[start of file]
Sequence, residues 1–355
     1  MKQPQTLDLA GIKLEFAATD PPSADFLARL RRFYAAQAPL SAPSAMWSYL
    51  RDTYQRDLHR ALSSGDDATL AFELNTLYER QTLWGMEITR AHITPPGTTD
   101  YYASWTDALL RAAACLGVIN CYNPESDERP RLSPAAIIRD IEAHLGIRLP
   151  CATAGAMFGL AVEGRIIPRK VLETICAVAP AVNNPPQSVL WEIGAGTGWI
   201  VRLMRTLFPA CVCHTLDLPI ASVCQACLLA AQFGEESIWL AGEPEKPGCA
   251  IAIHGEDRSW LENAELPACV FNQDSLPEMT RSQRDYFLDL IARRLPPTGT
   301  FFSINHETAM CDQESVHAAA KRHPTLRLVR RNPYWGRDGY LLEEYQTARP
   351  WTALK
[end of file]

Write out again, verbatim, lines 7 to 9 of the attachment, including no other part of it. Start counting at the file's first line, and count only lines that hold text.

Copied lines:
   251  IAIHGEDRSW LENAELPACV FNQDSLPEMT RSQRDYFLDL IARRLPPTGT
   301  FFSINHETAM CDQESVHAAA KRHPTLRLVR RNPYWGRDGY LLEEYQTARP
   351  WTALK